MS: This sounds very silly, but the hardest part is the typing. I haven’t figured out how to be comfortable at the keyboard for long periods of time. As a witch, I feel like I did the hard part a long time ago when I wasn’t writing.  That was awful. No matter how hard writing is, not writing is harder.

SIG: I really enjoyed the way each chapter of your book gives readers a foundational understanding of witchcraft and which tools they can use in their own practices. I also really admire the way you intertwine your own experiences throughout with such wit and vulnerability. The end result is vivid, yet balanced and instructive. What were your intentions for the tone and structure of Enchantments? Were there any books or voices that helped you discover the structure and overall (for a lack of better terms) aura of your book?

MS: Thanks! I intended to give people who would never visit Enchantments a simulated experience of coming to the store on the perfect day when everyone was being hilarious and willing to answer every question you could think of. I was trying to capture the shorthand that we’ve collectively developed trying to explain complicated mystical concepts on the spot, and in few words, all the time. We’ll reach for any metaphor we can think of! It’s great work for a poet. I also stole a bunch of the really funny stuff from Nette. She’s brilliant. But in terms of books, I’m really inspired by Sara Gran’s Claire de Witt mystery series. Claire is the hard boiled, metaphysical detective of my dreams.

SIG: In your chapter on magical collaboration, you focus on necessity of community, whether it be IRL or online, and how connecting with others can be fulfilling. Right now the archetype of the witch and all that comes with it is having a bit of a resurgence in our culture, which has fostered inclusivity in some respects but also flattened the narrative due to the mainstream monetization, commodification, and appropriation of the witch. For you, how has community kept you grounded in your practice and identity? How has community helped you be true to your vision and voice?

MS: First I’ll say that the magical community I’m talking about in this book is a retail operation, so in terms of monetization and commodification, we’re definitely doing that at Enchantments as we accept money for goods and services toward spiritual ends. Given that, we’re notorious down-sellers. We make no secret of the fact that the only difference between the candle that costs 65 cents that you carve yourself and the candle that costs $36 dollars that we carve and dress for you is the amount of wax involved, and who performs the labor. The materials don’t matter so much as long as they’re appealing enough to your senses. If they’re sticky enough to hold on to your intention, whatever your magical tools are will serve as a vehicle for externalizing your vision and making it real in the world. What I love about witchcraft as I practice it is that it’s not a hobby, or an intellectual field of study. It’s what I choose to do with the overflow of my feelings. I act them out in a sympathetic manner to try to make sense of them and try to find my way. That doesn’t cost money. And often the ritual that accompanies that magical intention is talking with my friends, all of them witches, even if they wouldn’t always describe themselves that way.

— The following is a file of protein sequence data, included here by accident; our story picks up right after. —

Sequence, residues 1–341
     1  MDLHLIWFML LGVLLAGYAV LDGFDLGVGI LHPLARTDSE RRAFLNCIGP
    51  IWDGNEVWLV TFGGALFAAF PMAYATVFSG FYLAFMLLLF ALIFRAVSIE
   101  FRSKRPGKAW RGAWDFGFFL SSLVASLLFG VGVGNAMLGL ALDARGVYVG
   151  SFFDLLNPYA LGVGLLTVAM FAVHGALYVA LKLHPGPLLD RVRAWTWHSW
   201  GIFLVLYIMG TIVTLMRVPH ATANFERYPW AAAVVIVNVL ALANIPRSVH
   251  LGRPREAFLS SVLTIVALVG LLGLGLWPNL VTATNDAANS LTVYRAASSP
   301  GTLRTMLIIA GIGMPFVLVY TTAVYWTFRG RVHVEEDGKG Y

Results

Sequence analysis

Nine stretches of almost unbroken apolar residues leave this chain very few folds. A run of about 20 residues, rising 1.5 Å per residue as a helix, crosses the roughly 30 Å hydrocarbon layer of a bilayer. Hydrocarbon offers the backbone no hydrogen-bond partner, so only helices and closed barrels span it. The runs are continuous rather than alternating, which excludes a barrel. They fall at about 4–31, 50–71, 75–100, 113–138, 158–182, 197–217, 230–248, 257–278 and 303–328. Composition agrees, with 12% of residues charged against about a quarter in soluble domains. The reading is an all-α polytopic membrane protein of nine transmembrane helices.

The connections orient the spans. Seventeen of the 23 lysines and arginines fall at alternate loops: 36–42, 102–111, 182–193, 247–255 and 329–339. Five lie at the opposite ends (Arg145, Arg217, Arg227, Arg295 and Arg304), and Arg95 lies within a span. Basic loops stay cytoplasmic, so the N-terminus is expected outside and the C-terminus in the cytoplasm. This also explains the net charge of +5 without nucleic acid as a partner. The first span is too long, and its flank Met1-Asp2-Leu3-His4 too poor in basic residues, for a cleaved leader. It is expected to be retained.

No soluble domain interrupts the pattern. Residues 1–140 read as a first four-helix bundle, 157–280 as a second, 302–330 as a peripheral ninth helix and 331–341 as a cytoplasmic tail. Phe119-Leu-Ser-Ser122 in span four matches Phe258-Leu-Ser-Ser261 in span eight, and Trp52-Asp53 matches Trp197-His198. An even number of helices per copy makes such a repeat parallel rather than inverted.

So, yes, for sure my community keeps me grounded. I can’t imagine what you’d be grounded in if not in your community.

SIG: Has writing this book impacted your current relationship to spellwork? Did this project reveal or affirm anything new to you that resonated with you in relation to past or recent spellwork? Did your spellwork inform your writing in any way?

MS: The book is a product of a spell I started in 2011. It’s still revealing and affirming itself, so it feels too soon to say what impact it’s had. But yes, there was a point when I wasn’t sure how to combine my skills and interests in a way that would be fulfilling and allow me to help support my family, while still allowing me the time to actually see them, and I made a spell that’s been doing just that. It took years, though. And a lot of faith, but that’s something I have in great quantity, apparently. There were so many moments of synchronicity in the process of writing this book, so many uncanny, pivotal little coincidences along the way. I think of those moments as little signposts that make it clear when you’re moving in the right direction. As long as I’m following the path with the little signposts, I know I’m on the trail that leads to my goal. None of that is to say that I don’t get impatient, cry, and freak out all the time. I do. Often. Especially in the context of such a big project.

SIG: In the conclusion to Enchantments you write, “when you have faith that your thoughts, energy, and actions—that you yourself—are enough to make change in your life, magic happens.” Your path as a witch and a writer and your book feel like direct proof of that. Looking back, what words of affirmation would you give yourself in the past, before you harnessed the power of your intentions and words?

MS: I think that little affirming voice from your future self is always there, but it can get drowned out pretty easily by worry. I’d remind myself to listen for it.